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Parshat Bereishit: Yaysh V’Ayin: Being Something

Based on a shiur by Rabbi Hershel Reichman

The Torah begins, “In the beginning, Hashem created heaven and earth.” The Kedushat Levi notes that this verse establishes a fundamental principle.  Everything in the world is an extension of Hashem’s will. Not only did Hashem create the world but he continues to renew it every day.

In Shachrit we say, “Yotzer ohr u’borei choshech.” He creates light and darkness.  Creation is an ongoing process. The world continuously exists by the active will of Hashem. This should elicit two reactions from us. The first: incredible gratitude that at every moment Hashem, out of his infinite chesed, is giving us life. The second: we have no independent existence. We cannot accomplish anything without Hashem giving us the ability to do it. In a sense, we are nothing but the expression of Hashem’s will. If a person would internalize this, there would be no place for the yetzer hara and its evil urges. Doing mitzvot and avoiding sin would become instinctual.  This is the concept of ayin, nothingness. Modern society propounds the exact opposite. The yesh, the I, is everything and man has the power to be whatever he chooses to be.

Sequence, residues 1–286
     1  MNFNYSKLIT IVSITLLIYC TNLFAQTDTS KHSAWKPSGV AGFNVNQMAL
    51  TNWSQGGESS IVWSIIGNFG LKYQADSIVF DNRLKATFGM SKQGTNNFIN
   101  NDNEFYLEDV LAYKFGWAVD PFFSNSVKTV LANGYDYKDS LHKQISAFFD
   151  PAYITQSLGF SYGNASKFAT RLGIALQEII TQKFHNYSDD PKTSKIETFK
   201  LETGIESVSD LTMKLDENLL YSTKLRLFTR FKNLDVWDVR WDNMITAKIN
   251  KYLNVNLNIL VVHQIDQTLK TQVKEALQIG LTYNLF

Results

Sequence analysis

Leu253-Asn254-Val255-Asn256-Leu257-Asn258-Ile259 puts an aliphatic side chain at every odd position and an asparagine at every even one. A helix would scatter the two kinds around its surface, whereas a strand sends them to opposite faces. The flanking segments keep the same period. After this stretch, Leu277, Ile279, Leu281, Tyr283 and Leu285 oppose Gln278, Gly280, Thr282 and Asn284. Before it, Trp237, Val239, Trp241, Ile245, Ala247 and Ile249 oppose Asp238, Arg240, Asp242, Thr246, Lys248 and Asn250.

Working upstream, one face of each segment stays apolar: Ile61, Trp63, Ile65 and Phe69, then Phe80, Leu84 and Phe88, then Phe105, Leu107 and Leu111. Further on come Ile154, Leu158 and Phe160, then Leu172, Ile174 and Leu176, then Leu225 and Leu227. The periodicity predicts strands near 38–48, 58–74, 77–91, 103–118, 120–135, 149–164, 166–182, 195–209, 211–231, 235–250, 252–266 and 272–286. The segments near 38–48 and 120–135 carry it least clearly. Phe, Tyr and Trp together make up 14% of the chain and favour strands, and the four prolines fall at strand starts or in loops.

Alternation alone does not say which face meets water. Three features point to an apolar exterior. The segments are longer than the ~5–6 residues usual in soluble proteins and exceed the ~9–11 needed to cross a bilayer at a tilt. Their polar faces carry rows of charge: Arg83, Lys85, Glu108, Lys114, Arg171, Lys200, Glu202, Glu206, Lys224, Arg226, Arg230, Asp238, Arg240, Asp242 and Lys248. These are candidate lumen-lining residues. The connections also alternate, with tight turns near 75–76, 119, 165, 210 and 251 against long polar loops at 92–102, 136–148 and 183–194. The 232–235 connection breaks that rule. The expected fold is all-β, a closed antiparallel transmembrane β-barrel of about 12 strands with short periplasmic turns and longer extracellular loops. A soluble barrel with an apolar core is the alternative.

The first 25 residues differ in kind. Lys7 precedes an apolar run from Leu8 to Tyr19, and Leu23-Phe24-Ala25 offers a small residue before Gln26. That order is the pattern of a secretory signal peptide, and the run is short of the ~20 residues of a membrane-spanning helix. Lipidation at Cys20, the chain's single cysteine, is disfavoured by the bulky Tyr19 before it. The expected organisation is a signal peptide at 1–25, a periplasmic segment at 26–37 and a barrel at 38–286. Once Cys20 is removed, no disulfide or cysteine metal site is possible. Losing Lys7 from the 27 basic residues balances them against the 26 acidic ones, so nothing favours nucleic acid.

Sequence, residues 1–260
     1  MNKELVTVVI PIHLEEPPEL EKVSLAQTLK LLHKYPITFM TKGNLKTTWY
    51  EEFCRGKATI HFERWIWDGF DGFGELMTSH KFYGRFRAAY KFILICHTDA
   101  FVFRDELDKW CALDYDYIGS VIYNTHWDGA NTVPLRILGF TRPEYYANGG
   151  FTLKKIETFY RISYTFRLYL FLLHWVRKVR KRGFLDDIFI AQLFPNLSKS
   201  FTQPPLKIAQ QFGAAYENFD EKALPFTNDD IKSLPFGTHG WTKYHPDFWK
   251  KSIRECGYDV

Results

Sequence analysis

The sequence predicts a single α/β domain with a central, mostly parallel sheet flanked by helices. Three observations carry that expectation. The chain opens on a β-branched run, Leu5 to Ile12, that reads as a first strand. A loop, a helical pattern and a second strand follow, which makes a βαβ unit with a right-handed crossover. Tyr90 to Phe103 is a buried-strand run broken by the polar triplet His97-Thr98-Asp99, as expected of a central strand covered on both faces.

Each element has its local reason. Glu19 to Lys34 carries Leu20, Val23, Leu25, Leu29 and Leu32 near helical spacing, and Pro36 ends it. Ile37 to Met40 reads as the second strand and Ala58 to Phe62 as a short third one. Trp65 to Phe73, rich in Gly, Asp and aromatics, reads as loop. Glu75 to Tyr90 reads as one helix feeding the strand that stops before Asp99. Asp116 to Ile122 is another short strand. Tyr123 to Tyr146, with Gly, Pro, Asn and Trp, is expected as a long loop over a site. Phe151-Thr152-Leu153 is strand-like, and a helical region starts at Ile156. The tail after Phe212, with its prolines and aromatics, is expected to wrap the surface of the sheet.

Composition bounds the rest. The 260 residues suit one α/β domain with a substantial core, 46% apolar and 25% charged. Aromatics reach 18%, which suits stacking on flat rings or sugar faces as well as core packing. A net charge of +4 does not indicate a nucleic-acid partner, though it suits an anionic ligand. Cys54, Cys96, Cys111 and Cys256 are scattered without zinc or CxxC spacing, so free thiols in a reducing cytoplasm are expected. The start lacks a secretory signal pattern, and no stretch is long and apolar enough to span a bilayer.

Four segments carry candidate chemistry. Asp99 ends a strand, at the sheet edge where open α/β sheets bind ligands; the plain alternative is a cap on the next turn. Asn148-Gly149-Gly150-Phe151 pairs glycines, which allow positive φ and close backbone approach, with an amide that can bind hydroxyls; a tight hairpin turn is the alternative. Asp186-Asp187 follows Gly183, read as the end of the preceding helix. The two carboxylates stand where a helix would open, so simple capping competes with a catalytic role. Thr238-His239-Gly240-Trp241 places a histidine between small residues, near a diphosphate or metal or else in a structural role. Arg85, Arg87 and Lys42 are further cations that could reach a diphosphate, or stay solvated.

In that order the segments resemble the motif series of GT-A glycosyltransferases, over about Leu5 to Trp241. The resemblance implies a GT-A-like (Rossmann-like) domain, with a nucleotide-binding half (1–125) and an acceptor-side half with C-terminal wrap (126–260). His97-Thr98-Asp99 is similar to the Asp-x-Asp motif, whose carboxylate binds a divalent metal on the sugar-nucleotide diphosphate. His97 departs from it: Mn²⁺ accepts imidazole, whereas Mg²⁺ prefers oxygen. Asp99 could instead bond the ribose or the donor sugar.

Rav Levi Yitzchak explains that the blessing recited under the chupah, “Asher yatzer et hadam” referes to Hashem as the creator of man in the past tense.  Hashem left us to finish the task of self-creation. On the one hand we are ayin and on the other hand we are a yesh. We all have unique qualities and abilities which are meant to be expressed and utilized to affect and change the world. Hashem put Adam into Gan Eden l’avda, to develop it and l’shamra, and to protect it. When a person uses his wisdom guided by the Torah to think creatively, to plan and to dream, then he is a yesh. But if he just follows his physical instincts and lets his desires control him then he is an ayin, he is nothing.  

We can manipulate things within nature but we are limited by its laws. However, if a person makes himself into an ayin, submitting His will to Hashem, he can align himself with the Creator, who is above limitation. Then he can rise above physicality and perform miracles.

These two concepts of yesh and ayin are hidden in the letters of Hashem’s name. Yud keh is the secret level of Hashem. He is concealed, distant and above nature. Vav heh parallels Hashem in this world. The vav is the connection from the outside world to this world and the heh represents this world. Performing a mitzvah affects not only this world but the hidden world too.

May we merit to become partners with Hashem and to transform this world to the next world with the power of Torah.

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